Will my health insurance pay for substance abuse treatment?

Amy Higgins

Those who need a hand with substance abuse treatment may be able to turn to their insurance providers for help. While coverage gaps still exist, recent laws (including the health care reform law) aim to expand alcohol and substance abuse treatment coverage to more insured Americans.

Coverage for substance abuse

Substance abuse treatment generally falls under an insurance plan's mental and behavioral health coverage. For many group health insurance plans (such as those offered by employers), the Mental Health Parity and Addiction Equity Act comes into play.

This act requires group health insurance plans covering more than 50 employees to make sure their coverage for mental health issues is equal to that of their coverage of physical health issues, according to the U.S. Department of Labor. Group plans are not required to include mental health coverage -- but, if they do, coverage cannot be more restrictive than it would be for medical and surgical care. Moreover, these group plans are not allowed to have separate deductibles, restrictions on the number of visits and higher co-payments for mental health care.

The Mental Health Parity and Equality Act does not, however, apply to small businesses with fewer than 50 employees or to individual health insurance policies. Some individual policies do offer mental health insurance coverage, including substance abuse treatment. And about two-thirds of substance abuse treatment centers accepted private insurance as of 2008, according to a January 2011 survey.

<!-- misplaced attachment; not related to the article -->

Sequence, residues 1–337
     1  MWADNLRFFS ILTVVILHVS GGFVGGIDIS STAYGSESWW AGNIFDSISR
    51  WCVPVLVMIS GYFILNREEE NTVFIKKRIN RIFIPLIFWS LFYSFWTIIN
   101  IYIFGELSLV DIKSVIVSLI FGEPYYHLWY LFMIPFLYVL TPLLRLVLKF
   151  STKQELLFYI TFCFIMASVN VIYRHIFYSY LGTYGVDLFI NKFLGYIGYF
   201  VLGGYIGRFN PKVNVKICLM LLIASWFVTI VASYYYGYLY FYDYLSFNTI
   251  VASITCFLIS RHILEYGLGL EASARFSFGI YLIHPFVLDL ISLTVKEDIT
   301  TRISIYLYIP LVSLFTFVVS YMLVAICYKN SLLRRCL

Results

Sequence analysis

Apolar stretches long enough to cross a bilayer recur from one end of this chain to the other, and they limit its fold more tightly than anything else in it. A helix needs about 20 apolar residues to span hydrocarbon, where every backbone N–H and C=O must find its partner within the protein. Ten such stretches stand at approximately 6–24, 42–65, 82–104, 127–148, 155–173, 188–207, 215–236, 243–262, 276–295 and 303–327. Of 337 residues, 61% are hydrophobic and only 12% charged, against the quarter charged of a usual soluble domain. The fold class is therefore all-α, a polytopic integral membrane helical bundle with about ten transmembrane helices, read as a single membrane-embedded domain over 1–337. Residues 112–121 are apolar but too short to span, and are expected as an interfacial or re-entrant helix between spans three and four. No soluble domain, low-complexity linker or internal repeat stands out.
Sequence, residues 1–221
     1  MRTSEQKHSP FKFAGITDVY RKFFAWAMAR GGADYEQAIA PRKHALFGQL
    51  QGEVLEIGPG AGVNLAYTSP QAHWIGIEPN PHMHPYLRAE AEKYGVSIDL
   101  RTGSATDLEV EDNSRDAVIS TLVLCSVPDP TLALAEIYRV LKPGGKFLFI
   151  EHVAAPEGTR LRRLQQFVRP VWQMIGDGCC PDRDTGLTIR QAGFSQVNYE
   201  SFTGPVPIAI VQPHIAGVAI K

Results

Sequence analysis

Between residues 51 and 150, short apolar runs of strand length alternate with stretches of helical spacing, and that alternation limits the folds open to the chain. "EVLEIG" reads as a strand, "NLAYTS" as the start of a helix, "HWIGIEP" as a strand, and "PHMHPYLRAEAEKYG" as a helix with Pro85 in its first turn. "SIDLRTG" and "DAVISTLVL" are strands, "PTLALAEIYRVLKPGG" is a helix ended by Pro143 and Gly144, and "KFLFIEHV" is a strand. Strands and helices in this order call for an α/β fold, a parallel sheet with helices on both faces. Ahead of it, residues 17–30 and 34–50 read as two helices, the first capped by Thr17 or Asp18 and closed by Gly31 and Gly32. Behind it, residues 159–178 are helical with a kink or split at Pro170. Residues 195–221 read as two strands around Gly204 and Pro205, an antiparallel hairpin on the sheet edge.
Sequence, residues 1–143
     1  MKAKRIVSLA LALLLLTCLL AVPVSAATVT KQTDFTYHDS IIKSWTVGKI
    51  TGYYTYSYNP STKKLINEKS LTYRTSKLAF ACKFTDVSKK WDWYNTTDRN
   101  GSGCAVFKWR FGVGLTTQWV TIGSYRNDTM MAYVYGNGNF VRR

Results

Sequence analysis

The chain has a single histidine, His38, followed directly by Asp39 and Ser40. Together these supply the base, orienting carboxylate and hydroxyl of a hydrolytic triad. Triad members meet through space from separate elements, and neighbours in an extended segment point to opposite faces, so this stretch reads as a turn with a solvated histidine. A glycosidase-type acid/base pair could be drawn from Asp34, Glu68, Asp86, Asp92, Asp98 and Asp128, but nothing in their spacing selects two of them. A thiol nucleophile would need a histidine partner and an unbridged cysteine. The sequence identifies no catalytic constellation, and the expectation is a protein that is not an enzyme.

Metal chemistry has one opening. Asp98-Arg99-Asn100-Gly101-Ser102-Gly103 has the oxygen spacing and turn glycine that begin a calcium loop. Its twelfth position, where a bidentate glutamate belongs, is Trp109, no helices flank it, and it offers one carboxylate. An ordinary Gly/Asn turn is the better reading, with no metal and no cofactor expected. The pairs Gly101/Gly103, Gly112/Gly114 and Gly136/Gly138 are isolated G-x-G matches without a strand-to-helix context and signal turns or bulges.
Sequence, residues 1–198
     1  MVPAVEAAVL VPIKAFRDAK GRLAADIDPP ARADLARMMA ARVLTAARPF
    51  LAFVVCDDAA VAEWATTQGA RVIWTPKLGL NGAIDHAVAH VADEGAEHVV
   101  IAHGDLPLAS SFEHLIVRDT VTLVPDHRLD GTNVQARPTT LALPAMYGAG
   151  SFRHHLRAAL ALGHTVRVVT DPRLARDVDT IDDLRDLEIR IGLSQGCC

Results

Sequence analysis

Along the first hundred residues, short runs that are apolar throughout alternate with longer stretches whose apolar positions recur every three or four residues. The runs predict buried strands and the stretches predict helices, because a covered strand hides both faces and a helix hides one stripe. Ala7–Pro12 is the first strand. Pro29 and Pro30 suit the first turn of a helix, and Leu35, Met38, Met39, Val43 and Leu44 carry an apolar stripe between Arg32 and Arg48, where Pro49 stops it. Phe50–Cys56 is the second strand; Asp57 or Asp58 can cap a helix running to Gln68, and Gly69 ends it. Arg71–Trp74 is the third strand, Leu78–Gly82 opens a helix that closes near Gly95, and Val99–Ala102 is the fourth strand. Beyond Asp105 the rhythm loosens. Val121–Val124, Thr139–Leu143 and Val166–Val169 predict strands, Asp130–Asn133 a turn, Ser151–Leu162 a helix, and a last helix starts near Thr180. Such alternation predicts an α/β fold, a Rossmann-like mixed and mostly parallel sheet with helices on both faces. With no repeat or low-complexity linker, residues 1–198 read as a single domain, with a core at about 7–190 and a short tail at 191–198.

If you do have an individual policy, call your insurer to find out what kind of coverage you have. Your state's laws may dictate what private plans are required to cover. Cigna, for example, covers alcohol and drug abuse treatment under certain circumstances (depending on your policy), but does not cover smoking-cessation programs. It also does not always cover court-ordered treatment unless it meets the insurer's medical necessity standards.

Things will change for many when the health care reform law's health insurance mandate goes into effect in 2014. At that time, insurance policies will be required to offer certain essential benefits, including substance abuse disorder treatment. However, the exact covered services have not been specified yet.

Misconceptions about addiction

There is a "great divide" between "mainstream" health care and treatment for addictions, according to the White House Office of National Drug Control Policy. Substance abuse all too often is discounted as a serious disease. But without proper treatment, the lives of addicts could be in danger. The mainstream health care system, according to the White House office, often uses only intense, short-term interventions like detoxification to treat addiction, whereas other serious conditions receive attention from several specialists who treat patients with stringent care, specialized medicines and follow-up visits.

Although more thorough substance abuse treatment is expensive, so is allowing addiction to go untreated, according to the White House office. Drug and alcohol abuse strains the economy, the health care system and the criminal justice system. According to the White House office, drug abuse cost the United States $193 billion in 2007.

For some, turning to family, friends and free local addiction groups for substance abuse help can be extremely beneficial -- but others need more specialized care. Making substance abuse care more widely available could provide addicts a better path to recovery.